IWD 2023 Inspirational Women - Olivia Cream

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IWD 2023 Inspirational Women - Olivia Cream

During the month of International Women's Day, we are featuring some of the inspirational women in our community, asking them what an equitable space looks like to them and spotlighting their greatest career and personal achievements in line with this years' theme of 'Embracing Equity'.


Olivia joined Stryker in June of 2012. With over 10 years in Human Resources, Olivia brings a wealth of knowledge and experience designing and implementing innovative programs to enhance culture, develop talent and champion organizational change. Highly skilled in building trust, organizational design, communication, coaching, and mentoring. Olivia is a charismatic leader, able to influence while maintaining a high level of engagement with both sales and internal teams. She has demonstrated expertise in project management, acquisition execution, sales compensation, career pathing, personal development training, and P&L management. Olivia has been recognized for her transformational leadership, performance focus, and innovative ideas. She utilizes data and insights to create practices and processes that align with the increasing speed of innovation and ever-changing dynamics and demographics of employees and customers. Her results-oriented approach has led to reduced cost, enhanced employee engagement and expanded workforce diversity.

Before joining Stryker Olivia retired from the United States Coast Guard in 2012. Most notably in 2009, Olivia made Coast Guard history as she became one of two first African American Engineer officers to serve on a “major” cutter.

Olivia is extremely passionate about supporting military Veterans and enhancing DEI initiatives. She is an active member of the Stryker Veterans Association and serves on the National Board for the Stryker African Ancestry Network.

Olivia is a sought-after advisor and speaker on talent topics, military veteran hiring, transformational leadership, and Diversity Equity, and Inclusion. Olivia graduated from the United States Coast Guard Academy with a degree in Mechanical Engineering. She holds several coaching certifications and is a continuous learner, thought partner, and mentor. Olivia resides in Tampa Florida with her husband. As 1family they love to spend time on the water and giving back to their community.

Where did you study and what got you into your current profession?

I graduated from the United States Coast Guard Academy in 2004 with a BS in Mechanical Engineering. I was always a “gear head” growing up. I have 3 brothers, no sisters, and started tinkering with any and everything from a young age. By high school I was restoring and racing old cars with my brothers. I always knew I wanted to be an engineer. Then I got a flyer from the CG introducing their Minority Introduction to Engineering Program (MITE). I was so excited I signed up for a visit in the summer of my junior year. I fell in love with the campus and with the Coast Guards' mission. The rest is history.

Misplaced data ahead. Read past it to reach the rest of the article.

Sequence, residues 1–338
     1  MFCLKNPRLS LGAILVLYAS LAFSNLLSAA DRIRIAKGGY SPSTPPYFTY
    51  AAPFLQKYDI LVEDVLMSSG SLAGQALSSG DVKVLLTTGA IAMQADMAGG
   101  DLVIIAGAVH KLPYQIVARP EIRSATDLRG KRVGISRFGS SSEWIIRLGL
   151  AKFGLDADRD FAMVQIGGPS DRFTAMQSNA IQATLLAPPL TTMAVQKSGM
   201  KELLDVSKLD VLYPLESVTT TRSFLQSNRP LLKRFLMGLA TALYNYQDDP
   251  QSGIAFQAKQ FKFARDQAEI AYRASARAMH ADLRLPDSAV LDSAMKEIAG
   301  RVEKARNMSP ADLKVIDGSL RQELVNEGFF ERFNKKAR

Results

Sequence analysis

What are your biggest career and personal achievements?

I made it into the CG history books in 2009 when I became 1 of 2 black women to be Engineer Officers of a Major Cutter in 2009. In my civilian life, I have so many things I am proud of. What I love most is that I won the Stryker Advocacy Award last year. My work, coaching and developing high-potential talent with a focus on our diverse population, is super important to me. My new mission is to help change the face of corporate America by shining a light on the many talented employees we have and providing opportunities for them to shine.

Advice to your younger self

What other people think of you is non of your business. You are enough. Shine on 😊

What does an equitable space look like for you? How can this create impact?

An equitable space to me is  one in which I can show up authentically, I have psychological safety, and I have the same availability of opportunities as my peers. Equity is about equality of opportunity. No one is handing out favours and no one should be asking for them. What we should want is an opportunity to excel in areas where we can use our unique superpowers to add the most value to an organization and that organization rewards our value by paying us competitively, developing us (as much as we want), and supporting us on our career journeys. If we do this, we will have a massive impact. Companies that do this well realize that investing in your workforce from a DEI perspective leads to better performance which leads to more revenue. DEI is a growth offense in addition to being the right thing to do.